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Cite Your Sources: ASA

Tools for creating bibliographies in MLA, APA, Chicago, and other styles.

ASA - American Sociological Association

The American Sociological Association Style Guide is used by students who are studying sociology.

The Style Guide is now in its 5th edition.

 

When you document your sources using the style of the American Sociological Association, you have to use parenthetical citations within the body of your paper and a Reference page at the end of your paper. 

In-text parenthetical citations: Whenever you use a quotation, a paraphrase, or a summary, you should give the author’s last name (or the title if no author is included) and the year in parentheses; if no date is provided, use the abbreviation “N.d.” for no date. You should also add the page number if you are using a quotation from a printed source. A parenthetical source for a quotation from a printed source might look like this: (Hammond 2010:42).  This indicates that the source was published in 2010 and the information quoted came from page 42.

End-of-paper citations: A Reference page usually includes four basic types of information: first, the author (last name, first initial); second, the date of publication (year); third, the title (in regular type for a short work, such as an article, and in italics for a long work, such as a newspaper, magazine, journal, or book) with only the first word and proper nouns capitalized (the first word after a colon is also capitalized); and, fourth, the publication information (which varies somewhat from one source to another). Also, if you are using an online source, such as a web page or a database, you should indicate the date of retrieval and the online address or the name of the database. Note, too, citations are double spaced with the first line on the margin, and subsequent lines indented five spaces.

In-text parenthetical citations: Whenever you use a quotation, a paraphrase, or a summary, you should give the author’s last name (or the title if no author is included) in parentheses; you should also add the page number if you’re using a printed source. A parenthetical source might look like this for an author (Hammond 2012:42) or like this for a title (MLA Handbook).

References entry:

Perry, Kate. 2006.“Picketing Firefighter Makes Few Friends.” Times Union [Albany,

NY], November 10, B3.

Parenthetical/In-text Citation: (Perry 2006).  If the author’s name is mentioned in the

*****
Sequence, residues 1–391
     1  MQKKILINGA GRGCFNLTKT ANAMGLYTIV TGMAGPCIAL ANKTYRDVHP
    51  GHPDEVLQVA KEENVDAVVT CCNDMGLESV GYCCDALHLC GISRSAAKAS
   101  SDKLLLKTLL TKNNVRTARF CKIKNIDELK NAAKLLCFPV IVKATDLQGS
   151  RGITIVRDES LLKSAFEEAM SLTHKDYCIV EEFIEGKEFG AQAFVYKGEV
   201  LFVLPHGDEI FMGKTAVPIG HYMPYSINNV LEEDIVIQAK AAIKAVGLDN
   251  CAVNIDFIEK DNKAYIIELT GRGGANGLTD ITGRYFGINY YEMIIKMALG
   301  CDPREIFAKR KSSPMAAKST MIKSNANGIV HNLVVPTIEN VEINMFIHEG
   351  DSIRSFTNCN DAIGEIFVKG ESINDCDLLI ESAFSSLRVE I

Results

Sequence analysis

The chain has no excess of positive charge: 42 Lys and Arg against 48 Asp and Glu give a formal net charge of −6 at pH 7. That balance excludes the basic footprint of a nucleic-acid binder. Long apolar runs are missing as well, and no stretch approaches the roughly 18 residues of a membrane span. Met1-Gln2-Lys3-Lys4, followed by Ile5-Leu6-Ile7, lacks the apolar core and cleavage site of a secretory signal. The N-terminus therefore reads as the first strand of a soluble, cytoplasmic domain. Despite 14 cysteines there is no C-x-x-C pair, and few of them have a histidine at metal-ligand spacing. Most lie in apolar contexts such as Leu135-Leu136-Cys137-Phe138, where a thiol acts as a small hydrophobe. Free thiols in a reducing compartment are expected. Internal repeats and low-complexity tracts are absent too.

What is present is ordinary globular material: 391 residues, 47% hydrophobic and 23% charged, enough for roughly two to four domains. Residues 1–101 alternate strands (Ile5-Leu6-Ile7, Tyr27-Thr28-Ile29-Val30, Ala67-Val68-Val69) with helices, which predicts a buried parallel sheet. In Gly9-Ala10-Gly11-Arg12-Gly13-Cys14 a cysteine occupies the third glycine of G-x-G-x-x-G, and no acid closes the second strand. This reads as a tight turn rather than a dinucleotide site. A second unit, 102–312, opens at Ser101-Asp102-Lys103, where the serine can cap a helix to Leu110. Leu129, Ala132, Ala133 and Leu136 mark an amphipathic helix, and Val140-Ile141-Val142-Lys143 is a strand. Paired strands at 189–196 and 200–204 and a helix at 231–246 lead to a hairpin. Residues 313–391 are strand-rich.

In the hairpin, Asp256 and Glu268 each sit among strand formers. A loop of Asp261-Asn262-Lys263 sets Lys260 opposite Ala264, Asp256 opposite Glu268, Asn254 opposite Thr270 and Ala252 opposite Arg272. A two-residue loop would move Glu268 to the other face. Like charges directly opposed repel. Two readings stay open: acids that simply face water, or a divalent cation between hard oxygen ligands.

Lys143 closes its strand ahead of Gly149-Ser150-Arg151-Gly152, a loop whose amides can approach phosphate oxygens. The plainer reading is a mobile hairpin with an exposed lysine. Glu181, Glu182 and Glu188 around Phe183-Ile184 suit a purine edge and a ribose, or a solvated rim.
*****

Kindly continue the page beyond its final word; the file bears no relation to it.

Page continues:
sentence, only the year of publication needs to be provided in the in-text citation. If a direct quote is used, the page number must be provided, as well: (Perry 2006:B3).

Introduce the material being cited with a signal phrase that includes the author’s name.  Example:  HVCC Librarian, Mary Ellen Bolton (2013), points out that students who do not use libraries often find frustration in their research efforts.  Otherwise, provide the author’s last name and the year of publication in parentheses.  Example: (Bolton 2013).

  • Double-spacing is used between, as well as within, each entry.
  • A 10-point, standard font (such as Times New Roman) should be used.
  • Margins should be 1¼ inches on all four sides.
  • The approximate word count should be included on the title page.  If the paper is intended for publication, a title footnote should also be added. The footnote includes the name and address of the author, and any acknowledgment or credits.
  • If an abstract is required for the assignment, include a summary of the highlights of the paper in one paragraph (150 to 200 words) on a separate page following the title page.
  • Use a hanging indent: begin the first line of each entry at the left margin and indent all subsequent lines of an entry one-half inch (5 spaces).
  • Center the word References 1¼ inches from the top of a new page at the end of the paper. Include only sources that have been quoted, summarized, or paraphrased. 
  • Alphabetize sources by the authors’ last names.  List each author by last name, then a comma, and the first name. If the source has no author, alphabetize by title ignoring A, An, or The.
  • For sources with no author listed, use a shortened version of the title of the work.  Titles of books are italicized; titles of articles are put in quotation marks.
  • Capitalize all title words except articles (a, an, the) and prepositions (to, from, between, and so on), and coordinating conjunctions (and, but, or, and so on) unless they are the first or last word of the title or subtitle.
  • Use italics for titles of books, journals, newspapers, encyclopedias, reference books, databases and web sites.